With the much anticipated release of the Hollywood remake starring Daniel Craig and Rooney Mara in coming December, I would like to share my two pence worth on the Swedish original films based on the novels. I have expressed my humble opinion on a book club site I belong to as well as elsewhere, and I’m surprised to find that my positive take seem to belong to the mere minority, if not totally controversial.
Because of the huge appeal of Stieg Larsson, his international rise to posthumous fame had led to all his three books being adapted for the big screen and European box office success. My husband and I were the early ‘converts’ to Larsson’s phenomenal and ambitious undertaking, tackling issues of sexual violence against women, political corruption at the top level, big-scale financial fraud and the extent to which an investigative journalist had to go to uncover such crimes. With the help of Lisbeth Salander, a tattooed punk girl who had been abused by the system but nevertheless a strong, determined, first-rate researcher and computer hacker, the liberal-minded editor of a Stockholm-based magazine Michael Blomkvist they uncovered a series of crimes hence exposing themselves to clear, and present mortal danger.
The plots of the books were multi-layered, complex, surprising, shocking and simply incredible, which some critics have condemned as implausible, and as a reader, you are taken on an unforgettable roller-coaster ride with breath-taking pace and action-packed sequences. How do they translate onto the screen? As we all know, not all great books transform into equally great movies, and it would take an awful lot of work and talent, not to mention deep pockets to do justice to the original works with such an all encompassing scope.
After waiting eagerly for the release of the Swedish films, we watched each of them with bated breath and keen enthusiasm. We caught The Girl with the Dragon Tattoo, the first installment and then the third and the final The Girl Who Kicked the Hornet’s Nest in the cinema, but somehow missed the second The Girl Who Played with Fire. We made up for it by buying the DVD, so our desire for more Stieg Larsson was satisfied.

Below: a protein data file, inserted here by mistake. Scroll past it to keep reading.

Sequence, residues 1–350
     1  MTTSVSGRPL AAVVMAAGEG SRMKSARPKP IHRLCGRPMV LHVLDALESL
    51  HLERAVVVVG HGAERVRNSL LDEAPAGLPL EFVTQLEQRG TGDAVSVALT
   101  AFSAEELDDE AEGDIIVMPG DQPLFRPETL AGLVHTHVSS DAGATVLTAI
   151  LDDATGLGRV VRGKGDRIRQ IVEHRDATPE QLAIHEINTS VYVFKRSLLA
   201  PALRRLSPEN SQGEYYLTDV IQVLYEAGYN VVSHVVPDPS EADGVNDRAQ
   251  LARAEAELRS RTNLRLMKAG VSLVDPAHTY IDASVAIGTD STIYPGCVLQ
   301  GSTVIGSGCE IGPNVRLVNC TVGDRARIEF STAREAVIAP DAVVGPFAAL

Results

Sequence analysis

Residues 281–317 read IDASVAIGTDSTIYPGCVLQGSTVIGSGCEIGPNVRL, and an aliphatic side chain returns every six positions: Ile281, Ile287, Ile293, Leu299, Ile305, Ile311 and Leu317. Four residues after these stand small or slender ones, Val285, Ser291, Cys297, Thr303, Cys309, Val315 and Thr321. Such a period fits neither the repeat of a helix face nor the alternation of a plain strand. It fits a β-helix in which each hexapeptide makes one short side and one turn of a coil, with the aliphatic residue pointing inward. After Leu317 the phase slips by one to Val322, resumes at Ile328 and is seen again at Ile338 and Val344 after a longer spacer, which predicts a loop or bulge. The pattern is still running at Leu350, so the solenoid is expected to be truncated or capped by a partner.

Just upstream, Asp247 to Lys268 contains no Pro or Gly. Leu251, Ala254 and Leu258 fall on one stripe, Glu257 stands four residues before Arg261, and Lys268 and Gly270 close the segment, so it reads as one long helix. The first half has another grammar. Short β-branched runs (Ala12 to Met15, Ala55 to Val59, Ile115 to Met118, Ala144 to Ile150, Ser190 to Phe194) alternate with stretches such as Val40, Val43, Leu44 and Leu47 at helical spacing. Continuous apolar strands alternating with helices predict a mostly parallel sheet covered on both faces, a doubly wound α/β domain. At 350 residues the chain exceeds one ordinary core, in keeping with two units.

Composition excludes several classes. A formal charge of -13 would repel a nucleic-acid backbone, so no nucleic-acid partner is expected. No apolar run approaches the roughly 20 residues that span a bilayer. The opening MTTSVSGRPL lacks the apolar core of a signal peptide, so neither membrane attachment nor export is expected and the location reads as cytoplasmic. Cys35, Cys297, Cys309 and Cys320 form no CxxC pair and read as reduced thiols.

I did not know what to expect, but I was happy with what I saw. As I read the books, I had conjured some images as to what the characters would look like, what motivates and drives them, what they would do under certain circumstances. I did not expect that a two to three hour film would capture everything Stieg Larsson had tried to convey in his 500 or so page epic, but after sitting through the film, I was reminded again what I had read, my impressions reinforced, my imaginings confirmed, and I felt that I could still identify with the leading characters which Larsson had created expertly and I wanted them to get justice which is rightfully their’s in the end.
As I was planning to write this blog today, I decided to have a quick scan of what other professional, well-known critics have said about the films. I was dismayed when I found that they either under-rated or panned it completely. They didn’t like it, guess what? Because it was gruesome and violent.
My conclusion? perhaps they didn’t actually read the books, or if they did, they didn’t rate them. Yes, there was explicit violence, sex, abuse and horrific crime scenes, but they were in the original story, and they happen in reality. The Swedish films stayed true to what happened in the books, and it was dark, psychotic, quirky, bleak, very Northern European and authentic.
I expect no less from the big budget Hollywood remake.
Here I include a quote from another Nordic-based writer James Thompson regarding Larsson’s protagonist Lisbeth Salander: “A pint-sized Superwoman. She’s been brutalized as a child and an adult. She’s emotionally damaged beyond words. Her appearance is diminutive and child-like. Everything about her screams victim. But she overcomes all. She finds a way to live life on her own terms and refuses to be a victim. When others try to victimize her, she punishes them in the most vicious ways. The kinds of punishments people dream about when figures in their own lives mistreat them. It sends the message that no matter how cruelly life treats you, you can overcome it and survive, even thrive. I think it’s that message that made the series a success.”
P.S. I watched the Hollywood Remake on Boxing day 2011, and I enjoyed it very much. I can confirm that the bigger budget does help, together with fabulous acting from both leads, a great script, fine directing and excellent music/soundtracks. So I would recommend the film to all Stieg Larsson fans! Dec, 2011